Canadian authorities thwart would-be terrorist plot
July 3, 2013
Over the past five months, the Royal Canadian Mounted Police (RCMP) worked to collect evidence on what it believed to be a terrorist plot in the making. On July 1, the efforts of Canada's premier law enforcement agency came to fruition, as two suspects were arrested and charged the following day, according to The Globe and Mail. While some details regarding the planned attack and its would-be perpetrators have emerged, investigators remain somewhat reticent, while evidence is still being collected. Speculation is likely to swirl in phone conversations among Canadian citizens conducted using prepaid phone cards.
The news source reported that the attack would have targeted the British Columbia legislature building in the city of Victoria, using improvised, highly dangerous pressure-cooker explosive devices. As the area is a centerpiece for Canada Day celebrations, the potential for damage and loss of life could have been massive. The RCMP stated that they seized the devices from where they had been planted outside the legislature, and quickly disabled them.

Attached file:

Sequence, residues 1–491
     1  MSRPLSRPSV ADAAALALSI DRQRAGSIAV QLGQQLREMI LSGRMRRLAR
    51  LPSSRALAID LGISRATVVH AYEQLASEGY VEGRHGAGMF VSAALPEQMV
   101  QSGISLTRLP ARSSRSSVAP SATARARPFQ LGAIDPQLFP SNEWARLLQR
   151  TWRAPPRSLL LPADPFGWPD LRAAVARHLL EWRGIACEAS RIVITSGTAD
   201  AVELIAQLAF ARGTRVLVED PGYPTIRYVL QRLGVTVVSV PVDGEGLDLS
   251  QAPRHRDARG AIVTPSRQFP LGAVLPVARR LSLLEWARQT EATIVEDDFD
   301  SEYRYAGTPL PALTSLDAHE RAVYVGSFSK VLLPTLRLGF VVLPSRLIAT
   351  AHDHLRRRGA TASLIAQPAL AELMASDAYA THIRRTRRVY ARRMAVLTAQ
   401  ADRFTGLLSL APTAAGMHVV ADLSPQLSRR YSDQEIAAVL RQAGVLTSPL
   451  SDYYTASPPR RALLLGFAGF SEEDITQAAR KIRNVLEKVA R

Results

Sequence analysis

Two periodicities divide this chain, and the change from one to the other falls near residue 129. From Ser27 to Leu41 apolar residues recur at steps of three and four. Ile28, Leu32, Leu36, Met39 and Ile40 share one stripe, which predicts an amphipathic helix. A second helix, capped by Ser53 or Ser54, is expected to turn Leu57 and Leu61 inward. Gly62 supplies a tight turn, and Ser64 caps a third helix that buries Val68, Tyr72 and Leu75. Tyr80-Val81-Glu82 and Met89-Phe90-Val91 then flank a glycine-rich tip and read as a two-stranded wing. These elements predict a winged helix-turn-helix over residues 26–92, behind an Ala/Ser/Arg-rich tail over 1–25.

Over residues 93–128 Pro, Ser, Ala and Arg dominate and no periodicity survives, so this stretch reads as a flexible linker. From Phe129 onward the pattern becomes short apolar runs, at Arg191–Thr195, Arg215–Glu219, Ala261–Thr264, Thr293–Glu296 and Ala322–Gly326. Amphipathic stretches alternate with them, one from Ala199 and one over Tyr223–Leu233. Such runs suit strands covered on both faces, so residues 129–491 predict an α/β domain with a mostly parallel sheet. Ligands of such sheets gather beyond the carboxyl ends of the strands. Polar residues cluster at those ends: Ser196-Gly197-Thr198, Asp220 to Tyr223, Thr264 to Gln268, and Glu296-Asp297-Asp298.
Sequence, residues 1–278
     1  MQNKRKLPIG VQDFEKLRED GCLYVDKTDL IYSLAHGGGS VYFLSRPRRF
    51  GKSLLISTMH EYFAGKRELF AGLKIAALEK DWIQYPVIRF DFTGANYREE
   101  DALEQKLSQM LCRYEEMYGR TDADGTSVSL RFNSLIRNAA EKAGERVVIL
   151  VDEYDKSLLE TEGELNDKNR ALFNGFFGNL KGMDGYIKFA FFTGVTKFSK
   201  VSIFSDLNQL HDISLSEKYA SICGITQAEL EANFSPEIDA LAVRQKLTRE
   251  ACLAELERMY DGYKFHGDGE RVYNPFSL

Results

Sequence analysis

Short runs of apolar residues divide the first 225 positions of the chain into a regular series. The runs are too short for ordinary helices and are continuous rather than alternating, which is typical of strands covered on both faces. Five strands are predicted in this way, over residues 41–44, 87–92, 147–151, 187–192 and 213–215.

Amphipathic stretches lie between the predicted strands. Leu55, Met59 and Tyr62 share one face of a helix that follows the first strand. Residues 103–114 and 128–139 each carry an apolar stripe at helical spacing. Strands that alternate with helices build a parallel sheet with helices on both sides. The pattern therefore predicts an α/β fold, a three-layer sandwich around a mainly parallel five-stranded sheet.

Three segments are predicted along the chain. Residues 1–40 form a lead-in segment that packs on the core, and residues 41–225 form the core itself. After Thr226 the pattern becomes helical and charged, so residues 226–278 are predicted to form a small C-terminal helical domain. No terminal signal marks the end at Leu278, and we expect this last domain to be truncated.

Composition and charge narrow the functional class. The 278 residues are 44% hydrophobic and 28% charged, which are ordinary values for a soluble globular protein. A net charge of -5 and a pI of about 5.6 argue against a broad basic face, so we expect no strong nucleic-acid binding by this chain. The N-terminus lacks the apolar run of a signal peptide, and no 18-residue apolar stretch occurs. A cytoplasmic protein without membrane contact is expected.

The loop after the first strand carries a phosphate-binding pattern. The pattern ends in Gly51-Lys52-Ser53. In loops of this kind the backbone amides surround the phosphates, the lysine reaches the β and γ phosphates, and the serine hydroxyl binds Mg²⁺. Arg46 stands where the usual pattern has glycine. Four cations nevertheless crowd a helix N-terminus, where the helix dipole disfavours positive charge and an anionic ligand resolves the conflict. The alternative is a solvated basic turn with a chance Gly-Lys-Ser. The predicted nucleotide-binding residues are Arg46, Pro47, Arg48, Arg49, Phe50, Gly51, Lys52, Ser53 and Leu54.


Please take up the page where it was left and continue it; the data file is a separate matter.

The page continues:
John Stewart Nuttall and Amanda Marie Korody, residents of Surrey, British Columbia, were arrested and charged with several serious offenses: Possessing or creating explosive devices, knowingly facilitating terrorist activity and conspiring to commit an indictable offense. Nuttall converted to Islam some years ago, but the RCMP stated that neither he nor Korody received support from al-Qaeda or other fundamentalist terrorist groups.
Little is known about the two suspects. Attorney Tom Morino, who represented Nuttall in another matter five years ago, told USA Today that Nuttall's religious beliefs were not, to his knowledge, tied to any interest in al-Qaeda or terrorism. He further clarified that he only knew Korody as "a very, very quiet young lady who appeared very devoted to their relationship."
By contrast, RCMP Superintendent Wayne Rideout characterized the event as "self-radicalized behavior...intended to create maximum impact and harm to Canadian citizens," USA Today reported.
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